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I forgot to emphasize these are not powered cycles.

Thursday, 5 April, 2007

The people at the American arm of Shimano were sitting around one day and wondering why with respect to increasing motoring costs and traffic problems more North Americans weren’t motivated toward cycling. Of course the idea occurs to them as they produce more cycling components than any other company in the world. They just happen to have the resources to study this so they sent smart people to Phoenix, Palo Alto, Chicago, and Atlanta to ask non-cyclists in these areas of greatly increasing biking what the deal is.

Then they designed and produced a non-new, non-novel but supposedly well implemented gruppo (the parts of a bike that make it go) to conquer these obstacles. Shimano itself marketed a similar system in the late 90’s, but found little success due to a lack of partners (Bianchi and Cannondale who aren’t in every market and historically have not pursued an audience of non-athletes) willing to push the idea into the hearts of consumers. It was also very expensive. Once the technology and the idea were in place, Giant, Trek and Raleigh came on board to actually implement bikes for people who don’t ride bikes.

I’m reminded of one of the stories compulsively repeated at the Neo-conservative Terrorist Training Center to which I was subjected at a tender age:

A shoe company sends a salesman to “deepest, darkest Africa” in an attempt to open a new market. He spends thousands of dollars, several months and eventually returns to headquarters explaining: “It’s hopeless, no one in Africa wears shoes.” The following year another salesman is sent to repeat the experiment. Before he has been on the ground for a day, a telegraph appears at headquarters with the message: “Send everything you can. No one in Africa wears shoes.”

Perhaps the cultural implications of that story may help to explain why I am so anxious to start the trials and open the extermination camps.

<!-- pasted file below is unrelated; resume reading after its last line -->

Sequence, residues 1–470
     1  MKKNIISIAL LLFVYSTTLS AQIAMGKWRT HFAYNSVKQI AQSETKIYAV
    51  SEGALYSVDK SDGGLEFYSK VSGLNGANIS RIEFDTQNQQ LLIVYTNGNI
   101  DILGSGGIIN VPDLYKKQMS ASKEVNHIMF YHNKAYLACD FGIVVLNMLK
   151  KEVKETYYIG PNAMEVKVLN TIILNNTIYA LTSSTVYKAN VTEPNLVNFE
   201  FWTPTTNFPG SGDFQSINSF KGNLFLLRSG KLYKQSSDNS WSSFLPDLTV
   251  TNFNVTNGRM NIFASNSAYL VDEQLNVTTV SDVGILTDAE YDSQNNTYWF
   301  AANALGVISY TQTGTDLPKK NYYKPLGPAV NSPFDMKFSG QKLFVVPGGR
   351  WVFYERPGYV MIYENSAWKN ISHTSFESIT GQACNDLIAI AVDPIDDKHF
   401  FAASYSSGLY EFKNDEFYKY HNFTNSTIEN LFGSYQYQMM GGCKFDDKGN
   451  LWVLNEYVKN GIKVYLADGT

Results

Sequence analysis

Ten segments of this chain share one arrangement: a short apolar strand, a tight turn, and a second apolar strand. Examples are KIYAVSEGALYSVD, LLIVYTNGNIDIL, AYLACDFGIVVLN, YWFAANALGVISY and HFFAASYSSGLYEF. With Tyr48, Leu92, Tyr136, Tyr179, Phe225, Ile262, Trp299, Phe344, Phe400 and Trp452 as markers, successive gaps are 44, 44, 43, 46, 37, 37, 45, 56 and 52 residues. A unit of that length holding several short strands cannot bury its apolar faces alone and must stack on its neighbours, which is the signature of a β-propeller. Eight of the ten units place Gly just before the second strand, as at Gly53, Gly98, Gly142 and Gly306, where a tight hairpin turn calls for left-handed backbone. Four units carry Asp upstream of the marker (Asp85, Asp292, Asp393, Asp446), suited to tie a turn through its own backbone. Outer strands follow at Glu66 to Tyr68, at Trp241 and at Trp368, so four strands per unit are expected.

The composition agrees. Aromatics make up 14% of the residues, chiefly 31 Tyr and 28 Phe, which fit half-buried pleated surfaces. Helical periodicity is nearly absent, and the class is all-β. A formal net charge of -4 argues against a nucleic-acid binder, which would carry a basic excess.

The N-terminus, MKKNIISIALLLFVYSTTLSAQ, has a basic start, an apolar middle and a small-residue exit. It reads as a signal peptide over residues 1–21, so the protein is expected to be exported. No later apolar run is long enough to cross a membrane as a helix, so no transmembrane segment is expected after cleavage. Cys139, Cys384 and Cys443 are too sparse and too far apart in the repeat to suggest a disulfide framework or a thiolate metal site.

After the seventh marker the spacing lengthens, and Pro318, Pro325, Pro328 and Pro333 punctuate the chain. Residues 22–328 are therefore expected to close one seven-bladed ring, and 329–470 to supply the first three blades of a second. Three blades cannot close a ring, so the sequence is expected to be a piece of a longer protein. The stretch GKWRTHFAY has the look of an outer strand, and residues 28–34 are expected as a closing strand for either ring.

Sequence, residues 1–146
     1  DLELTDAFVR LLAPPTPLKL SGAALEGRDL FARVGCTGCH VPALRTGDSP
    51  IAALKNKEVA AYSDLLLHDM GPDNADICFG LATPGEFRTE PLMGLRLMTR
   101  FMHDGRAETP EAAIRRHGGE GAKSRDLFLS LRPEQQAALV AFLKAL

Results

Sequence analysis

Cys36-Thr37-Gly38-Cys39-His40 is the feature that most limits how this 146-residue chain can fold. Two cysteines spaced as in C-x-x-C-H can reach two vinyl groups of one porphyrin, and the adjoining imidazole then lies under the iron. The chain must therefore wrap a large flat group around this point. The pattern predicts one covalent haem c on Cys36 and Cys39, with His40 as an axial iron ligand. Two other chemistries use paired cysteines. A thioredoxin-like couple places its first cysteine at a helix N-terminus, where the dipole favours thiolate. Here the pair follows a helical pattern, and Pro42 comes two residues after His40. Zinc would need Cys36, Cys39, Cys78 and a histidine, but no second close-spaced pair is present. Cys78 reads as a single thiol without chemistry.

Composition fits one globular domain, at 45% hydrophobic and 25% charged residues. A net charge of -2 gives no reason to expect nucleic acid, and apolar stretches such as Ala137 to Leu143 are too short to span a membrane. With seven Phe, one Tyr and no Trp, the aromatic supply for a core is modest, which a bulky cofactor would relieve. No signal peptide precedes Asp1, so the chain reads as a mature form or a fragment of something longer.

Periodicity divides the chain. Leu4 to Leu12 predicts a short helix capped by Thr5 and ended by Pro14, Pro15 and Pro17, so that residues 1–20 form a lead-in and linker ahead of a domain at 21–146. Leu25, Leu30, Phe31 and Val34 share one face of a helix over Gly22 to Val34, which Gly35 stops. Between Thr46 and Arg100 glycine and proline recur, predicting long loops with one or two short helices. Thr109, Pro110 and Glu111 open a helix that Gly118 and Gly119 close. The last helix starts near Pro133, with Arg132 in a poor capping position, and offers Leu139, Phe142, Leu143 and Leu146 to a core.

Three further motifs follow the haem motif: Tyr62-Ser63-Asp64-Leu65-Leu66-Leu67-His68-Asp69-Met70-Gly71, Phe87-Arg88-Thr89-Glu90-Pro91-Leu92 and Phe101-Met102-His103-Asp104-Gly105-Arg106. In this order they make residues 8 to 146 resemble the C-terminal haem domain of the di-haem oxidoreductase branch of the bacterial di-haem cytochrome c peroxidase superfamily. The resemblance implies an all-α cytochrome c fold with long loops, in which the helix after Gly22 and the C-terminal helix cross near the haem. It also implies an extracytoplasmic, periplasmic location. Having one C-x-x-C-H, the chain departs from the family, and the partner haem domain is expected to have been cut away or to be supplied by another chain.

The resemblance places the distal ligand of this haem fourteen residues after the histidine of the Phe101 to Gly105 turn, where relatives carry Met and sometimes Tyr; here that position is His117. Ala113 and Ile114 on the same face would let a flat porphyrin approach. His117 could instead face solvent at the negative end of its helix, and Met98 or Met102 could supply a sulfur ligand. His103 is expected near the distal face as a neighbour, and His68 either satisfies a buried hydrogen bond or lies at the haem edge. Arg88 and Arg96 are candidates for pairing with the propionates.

The object here is that, no one in America (relatively speaking) rides bikes. Amazingly, a rather large number of Americans under 35 have never ridden a bicycle. I have known two of them, but assumed they were anomalies. In the event these people would, somehow, come to the idea on their own to acquire and ride a bicycle most of them would head to a department store to get a bike that does not fit, couldn’t be assembled more poorly and begins to rust before they even get it home.

In the unlikely event such a person would find themselves on the interior of an actual, proper bicycle shop the first question asked by the personnel would be: “Would you prefer a Range Rover or a Ferrari?” Most people go in looking for a nice straightforward Toyota, which you will in fact find there, but god help you in locating it or even getting the staff to notice.

From the name of the new system, Coasting, to the implementation, conservatively styled cycles with gimmicks, like Trek’s seat with storage compartment, all designed to address the perceptions of the average suburbanite. The price point seems well considered since it is too expensive to be a toy, yet priced as low as the dumbed-down mountain bike many of us talked ourselves into earlier in the decade. Interestingly, the Raleigh offering is deliberately styled to be that company’s New Beetle. That is, it looks like a classic English middleweight “cruiser”. That version is not (yet?) available in the UK for reasons I can only guess.

The core of the bikes, the gimmick of the gruppo, is a three-speed, innately powered through the front hub, computer-driven automatic internal planetary-geared rear hub. A three-speed just like bikes from decades long passed, that you had to game the system to purchase new today. It’s a “normal” bike with lots of goodies and a three-speed automatic and coaster brake. Oddly, none of the bikes yet presented offer a front brake. To my way of thinking a front brake is essential, even if the coaster brake is the best one ever made. I do wonder why, especially at this price point, no one has bumped up the output of the front hub to power a set of “being seen” lights.

Exactly how they intend to market these cycles is not entirely clear. Trek models are available exclusively in the much feared bike shops. Giant and Raleigh have a precious few dealers who are general sporting goods stores, but the majority of their representatives treat those disinclined to compete in Le Tour with scorn.

In any event, here are the bikes which you will not find in your local dealer because they are selling them quite literally as quickly as they can be shipped and assembled:

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